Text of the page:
Simon Reynolds, New York

In 1995 rock seemed to come to terms with the fact that it is now a fundamentally conservative genre. From Pearl Jam and Neil Young crossing a 20 year divide to find themselves in perfect agreement, to Rancid's Clash and 2-Tone xeroxes, to lo-fi's curatorial pride in the proto-punk/post-punk underground canon,  American guitar-based music was dominated by reverence and referentiality. The best anyone seemed to hope for was that rock would abide, carry on much the same as it was. But maybe people can't be blamed for clinging to the tried-and-trusted. For there's no denying that the most formally advanced musics around are also the most inhospitable and comfortless: the paranoiac hip hop of the post-Wu Tang LP's, jungle's tales from the dark side, the bad-dreamscapes of Tricky's "Maxinquaye", the disquiet and perplexity of avant-techno and post-rock. Music too expansive and unfamiliar to offer the shelter and consolation that people craved this year. Music that's not so much anti-populist (the RZA's productions sold by the half-million) as unpopulated; ghost-towns of the mind's eye, psychic landscapes of exile and dread. The trouble with frontier music is that it's no place like home.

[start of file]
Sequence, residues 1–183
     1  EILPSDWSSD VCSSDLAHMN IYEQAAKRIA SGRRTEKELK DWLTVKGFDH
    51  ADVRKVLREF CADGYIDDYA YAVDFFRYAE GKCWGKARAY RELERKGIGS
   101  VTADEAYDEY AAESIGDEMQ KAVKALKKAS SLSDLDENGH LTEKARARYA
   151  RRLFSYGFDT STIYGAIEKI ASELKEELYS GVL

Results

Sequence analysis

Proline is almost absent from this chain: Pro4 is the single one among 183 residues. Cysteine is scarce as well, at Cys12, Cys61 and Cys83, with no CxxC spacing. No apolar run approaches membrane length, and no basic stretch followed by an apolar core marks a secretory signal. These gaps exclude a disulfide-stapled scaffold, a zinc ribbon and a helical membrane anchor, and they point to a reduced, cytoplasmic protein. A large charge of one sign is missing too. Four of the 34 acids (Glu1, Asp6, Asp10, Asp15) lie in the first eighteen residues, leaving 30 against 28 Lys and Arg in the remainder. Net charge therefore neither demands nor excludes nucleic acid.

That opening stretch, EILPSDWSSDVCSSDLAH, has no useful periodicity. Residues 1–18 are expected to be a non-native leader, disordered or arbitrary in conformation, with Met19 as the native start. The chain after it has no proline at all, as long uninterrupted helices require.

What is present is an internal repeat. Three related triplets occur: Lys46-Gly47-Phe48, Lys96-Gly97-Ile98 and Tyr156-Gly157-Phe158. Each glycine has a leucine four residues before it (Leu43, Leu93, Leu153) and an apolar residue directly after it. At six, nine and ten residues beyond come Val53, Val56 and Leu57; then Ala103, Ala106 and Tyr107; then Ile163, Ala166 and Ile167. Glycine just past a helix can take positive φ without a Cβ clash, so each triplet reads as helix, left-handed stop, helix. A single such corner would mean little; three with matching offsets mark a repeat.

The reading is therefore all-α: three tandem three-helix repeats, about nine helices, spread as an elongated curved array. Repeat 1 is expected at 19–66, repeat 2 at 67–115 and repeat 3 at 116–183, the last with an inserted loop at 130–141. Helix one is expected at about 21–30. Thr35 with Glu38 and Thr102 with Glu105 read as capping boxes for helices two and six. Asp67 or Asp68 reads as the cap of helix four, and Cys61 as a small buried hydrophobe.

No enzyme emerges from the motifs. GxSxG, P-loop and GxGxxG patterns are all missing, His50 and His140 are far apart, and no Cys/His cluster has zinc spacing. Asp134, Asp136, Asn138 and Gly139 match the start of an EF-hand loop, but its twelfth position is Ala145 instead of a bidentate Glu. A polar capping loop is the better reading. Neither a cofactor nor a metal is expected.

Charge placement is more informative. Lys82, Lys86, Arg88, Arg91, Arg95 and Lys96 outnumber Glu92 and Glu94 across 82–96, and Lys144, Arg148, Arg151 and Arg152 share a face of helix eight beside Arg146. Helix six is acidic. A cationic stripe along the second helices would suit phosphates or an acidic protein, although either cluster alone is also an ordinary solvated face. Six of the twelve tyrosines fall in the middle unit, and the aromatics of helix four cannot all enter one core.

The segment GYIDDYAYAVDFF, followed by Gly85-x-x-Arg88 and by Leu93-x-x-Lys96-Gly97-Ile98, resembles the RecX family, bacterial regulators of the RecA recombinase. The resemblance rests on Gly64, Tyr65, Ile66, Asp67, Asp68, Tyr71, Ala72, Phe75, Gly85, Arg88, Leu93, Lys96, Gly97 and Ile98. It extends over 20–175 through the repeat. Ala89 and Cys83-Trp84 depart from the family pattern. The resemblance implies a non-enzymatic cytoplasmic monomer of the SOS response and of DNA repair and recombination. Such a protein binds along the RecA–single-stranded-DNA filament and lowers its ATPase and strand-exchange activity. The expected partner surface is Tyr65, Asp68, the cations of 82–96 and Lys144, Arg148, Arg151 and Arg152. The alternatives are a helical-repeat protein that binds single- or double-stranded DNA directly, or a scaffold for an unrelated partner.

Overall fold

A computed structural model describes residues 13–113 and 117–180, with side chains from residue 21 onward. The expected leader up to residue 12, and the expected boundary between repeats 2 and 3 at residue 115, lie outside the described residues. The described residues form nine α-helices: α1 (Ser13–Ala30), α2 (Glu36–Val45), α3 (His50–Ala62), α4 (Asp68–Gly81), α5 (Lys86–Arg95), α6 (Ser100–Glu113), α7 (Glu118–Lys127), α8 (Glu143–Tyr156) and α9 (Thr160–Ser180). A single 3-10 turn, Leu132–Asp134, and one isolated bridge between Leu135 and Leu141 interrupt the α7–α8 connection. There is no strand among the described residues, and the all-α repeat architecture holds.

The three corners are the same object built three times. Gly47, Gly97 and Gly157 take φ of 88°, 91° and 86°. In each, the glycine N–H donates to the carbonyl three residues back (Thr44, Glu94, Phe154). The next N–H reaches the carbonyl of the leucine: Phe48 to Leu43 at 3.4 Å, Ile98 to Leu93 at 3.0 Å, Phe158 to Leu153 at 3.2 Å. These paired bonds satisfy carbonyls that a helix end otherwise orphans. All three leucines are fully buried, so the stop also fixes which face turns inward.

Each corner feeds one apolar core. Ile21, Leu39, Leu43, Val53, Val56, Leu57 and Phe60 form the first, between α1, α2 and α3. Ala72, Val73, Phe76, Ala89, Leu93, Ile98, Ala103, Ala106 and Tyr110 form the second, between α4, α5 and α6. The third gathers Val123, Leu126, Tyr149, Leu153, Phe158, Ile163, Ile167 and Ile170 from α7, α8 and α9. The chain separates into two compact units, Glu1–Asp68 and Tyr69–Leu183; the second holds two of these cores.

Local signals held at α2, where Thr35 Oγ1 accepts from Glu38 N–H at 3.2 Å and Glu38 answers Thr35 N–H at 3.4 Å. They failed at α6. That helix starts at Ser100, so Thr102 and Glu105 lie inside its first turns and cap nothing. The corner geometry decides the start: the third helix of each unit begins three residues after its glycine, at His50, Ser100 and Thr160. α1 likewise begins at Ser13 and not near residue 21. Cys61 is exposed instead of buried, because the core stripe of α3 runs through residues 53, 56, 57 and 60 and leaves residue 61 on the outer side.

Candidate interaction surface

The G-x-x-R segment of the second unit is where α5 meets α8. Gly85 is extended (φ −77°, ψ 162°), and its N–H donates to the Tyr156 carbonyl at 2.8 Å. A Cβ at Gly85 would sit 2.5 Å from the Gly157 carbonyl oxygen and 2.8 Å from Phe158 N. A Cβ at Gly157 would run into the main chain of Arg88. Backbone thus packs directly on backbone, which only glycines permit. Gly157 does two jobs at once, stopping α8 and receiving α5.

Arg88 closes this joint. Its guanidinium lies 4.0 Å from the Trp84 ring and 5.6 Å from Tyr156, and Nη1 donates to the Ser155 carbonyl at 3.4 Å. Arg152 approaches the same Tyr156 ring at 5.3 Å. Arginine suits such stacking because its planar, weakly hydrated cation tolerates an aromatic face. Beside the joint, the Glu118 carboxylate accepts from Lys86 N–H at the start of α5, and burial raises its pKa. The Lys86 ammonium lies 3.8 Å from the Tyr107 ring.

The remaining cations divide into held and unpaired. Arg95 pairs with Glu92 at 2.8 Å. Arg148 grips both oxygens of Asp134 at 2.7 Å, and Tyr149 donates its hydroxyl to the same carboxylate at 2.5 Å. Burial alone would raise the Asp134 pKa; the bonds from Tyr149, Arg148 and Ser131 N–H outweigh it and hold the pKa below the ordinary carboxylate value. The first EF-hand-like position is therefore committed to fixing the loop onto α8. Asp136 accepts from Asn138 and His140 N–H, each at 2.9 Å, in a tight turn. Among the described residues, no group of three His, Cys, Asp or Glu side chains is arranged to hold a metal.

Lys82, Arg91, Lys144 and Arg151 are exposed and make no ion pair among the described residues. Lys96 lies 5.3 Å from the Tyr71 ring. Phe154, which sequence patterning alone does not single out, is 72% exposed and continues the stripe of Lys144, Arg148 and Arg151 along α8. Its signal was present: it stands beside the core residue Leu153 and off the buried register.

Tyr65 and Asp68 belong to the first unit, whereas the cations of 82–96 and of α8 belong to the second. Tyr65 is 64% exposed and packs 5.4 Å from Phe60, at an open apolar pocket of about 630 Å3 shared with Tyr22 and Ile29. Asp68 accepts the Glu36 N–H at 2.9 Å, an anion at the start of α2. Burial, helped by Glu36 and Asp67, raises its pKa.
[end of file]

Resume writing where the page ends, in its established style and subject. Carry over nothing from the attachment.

Simon Reynolds, New York